InSight (Interior Exploration using Seismic Investigations, Geodesy and Heat Transport) is a NASA Discovery Program mission that will place a single geophysical lander on Mars in September 2016 to study its deep interior.
InSight needs seismic signals, and one sure way to get them is from the impact of bolides onto Mars. InSight can detect large impacts that are far from the lander and smaller impacts that are closer.
This recent HiRISE image, acquired to certify a landing site for the mission, shows a distinctive crater with a very sharp rim and ejecta that is darker and bluer than almost all of this dust-covered region. This must be a very recent impact because there hasn't been sufficient time for atmospheric dust to settle over this spot and re-brighten the surface.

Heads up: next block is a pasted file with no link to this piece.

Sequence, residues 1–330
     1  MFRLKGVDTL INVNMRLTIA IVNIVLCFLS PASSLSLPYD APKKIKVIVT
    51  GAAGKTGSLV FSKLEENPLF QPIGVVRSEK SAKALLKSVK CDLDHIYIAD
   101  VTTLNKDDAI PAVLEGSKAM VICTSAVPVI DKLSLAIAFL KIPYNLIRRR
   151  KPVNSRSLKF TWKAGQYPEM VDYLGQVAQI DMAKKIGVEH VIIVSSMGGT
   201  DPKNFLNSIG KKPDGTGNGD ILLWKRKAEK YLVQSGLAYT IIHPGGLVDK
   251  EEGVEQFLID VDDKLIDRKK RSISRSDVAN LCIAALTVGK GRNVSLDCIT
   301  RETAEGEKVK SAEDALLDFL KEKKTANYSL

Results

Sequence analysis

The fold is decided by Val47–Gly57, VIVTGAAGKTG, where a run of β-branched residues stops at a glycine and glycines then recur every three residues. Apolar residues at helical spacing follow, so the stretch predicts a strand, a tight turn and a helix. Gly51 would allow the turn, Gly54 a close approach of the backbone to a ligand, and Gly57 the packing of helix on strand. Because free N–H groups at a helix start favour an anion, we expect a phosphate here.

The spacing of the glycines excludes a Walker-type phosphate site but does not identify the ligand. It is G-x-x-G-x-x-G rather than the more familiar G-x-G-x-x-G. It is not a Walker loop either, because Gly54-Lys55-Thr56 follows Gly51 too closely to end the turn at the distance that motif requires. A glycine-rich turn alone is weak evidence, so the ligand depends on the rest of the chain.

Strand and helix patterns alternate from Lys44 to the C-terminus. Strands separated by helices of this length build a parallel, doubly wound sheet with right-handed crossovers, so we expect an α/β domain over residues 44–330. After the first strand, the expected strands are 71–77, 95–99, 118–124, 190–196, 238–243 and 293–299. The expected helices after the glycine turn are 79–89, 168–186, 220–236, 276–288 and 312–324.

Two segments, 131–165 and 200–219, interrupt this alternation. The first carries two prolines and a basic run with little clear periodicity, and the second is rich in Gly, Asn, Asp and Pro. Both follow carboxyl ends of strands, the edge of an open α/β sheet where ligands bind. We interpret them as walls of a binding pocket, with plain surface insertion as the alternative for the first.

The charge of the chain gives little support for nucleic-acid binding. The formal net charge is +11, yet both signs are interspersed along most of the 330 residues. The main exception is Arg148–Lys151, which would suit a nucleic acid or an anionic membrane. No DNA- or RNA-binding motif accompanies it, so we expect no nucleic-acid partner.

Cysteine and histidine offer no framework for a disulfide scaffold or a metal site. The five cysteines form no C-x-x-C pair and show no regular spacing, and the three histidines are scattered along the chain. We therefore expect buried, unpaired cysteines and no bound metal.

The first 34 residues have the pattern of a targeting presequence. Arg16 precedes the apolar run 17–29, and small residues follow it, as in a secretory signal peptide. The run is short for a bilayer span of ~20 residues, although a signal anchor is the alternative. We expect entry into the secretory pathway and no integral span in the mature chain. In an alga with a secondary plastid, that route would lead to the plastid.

In fact, previous images suggest it formed between 2008 and 2012. This illustrates the type of feature that orbiting cameras will search for during the InSight mission, to attempt to correlate seismic signals to the point of origin.
This is a stereo pair with ESP_037684_1845.
Image credit: NASA/JPL/University of Arizona
Note: For more information, see PIA18776: A New Impact Crater Near NASA's InSight Landing Region.